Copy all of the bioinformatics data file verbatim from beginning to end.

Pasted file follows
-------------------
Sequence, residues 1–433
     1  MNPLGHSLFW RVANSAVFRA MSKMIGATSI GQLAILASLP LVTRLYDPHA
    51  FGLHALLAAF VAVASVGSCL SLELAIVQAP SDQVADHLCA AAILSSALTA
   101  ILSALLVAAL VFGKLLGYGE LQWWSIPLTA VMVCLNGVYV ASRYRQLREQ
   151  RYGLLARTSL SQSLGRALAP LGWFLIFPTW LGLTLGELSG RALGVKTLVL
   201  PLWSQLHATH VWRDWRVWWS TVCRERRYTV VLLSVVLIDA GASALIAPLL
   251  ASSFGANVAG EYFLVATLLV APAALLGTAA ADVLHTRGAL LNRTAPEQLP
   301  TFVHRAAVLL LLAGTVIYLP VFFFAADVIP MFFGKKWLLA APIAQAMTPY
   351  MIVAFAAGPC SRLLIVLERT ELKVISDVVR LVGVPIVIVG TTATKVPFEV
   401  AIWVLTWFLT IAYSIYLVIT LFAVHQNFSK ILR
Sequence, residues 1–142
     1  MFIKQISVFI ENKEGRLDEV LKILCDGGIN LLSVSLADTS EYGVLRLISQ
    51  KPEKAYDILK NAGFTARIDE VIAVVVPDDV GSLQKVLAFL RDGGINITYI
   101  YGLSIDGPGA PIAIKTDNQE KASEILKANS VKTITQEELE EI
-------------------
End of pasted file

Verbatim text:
Sequence, residues 1–433
     1  MNPLGHSLFW RVANSAVFRA MSKMIGATSI GQLAILASLP LVTRLYDPHA
    51  FGLHALLAAF VAVASVGSCL SLELAIVQAP SDQVADHLCA AAILSSALTA
   101  ILSALLVAAL VFGKLLGYGE LQWWSIPLTA VMVCLNGVYV ASRYRQLREQ
   151  RYGLLARTSL SQSLGRALAP LGWFLIFPTW LGLTLGELSG RALGVKTLVL
   201  PLWSQLHATH VWRDWRVWWS TVCRERRYTV VLLSVVLIDA GASALIAPLL
   251  ASSFGANVAG EYFLVATLLV APAALLGTAA ADVLHTRGAL LNRTAPEQLP
   301  TFVHRAAVLL LLAGTVIYLP VFFFAADVIP MFFGKKWLLA APIAQAMTPY
   351  MIVAFAAGPC SRLLIVLERT ELKVISDVVR LVGVPIVIVG TTATKVPFEV
   401  AIWVLTWFLT IAYSIYLVIT LFAVHQNFSK ILR
Sequence, residues 1–142
     1  MFIKQISVFI ENKEGRLDEV LKILCDGGIN LLSVSLADTS EYGVLRLISQ
    51  KPEKAYDILK NAGFTARIDE VIAVVVPDDV GSLQKVLAFL RDGGINITYI
   101  YGLSIDGPGA PIAIKTDNQE KASEILKANS VKTITQEELE EI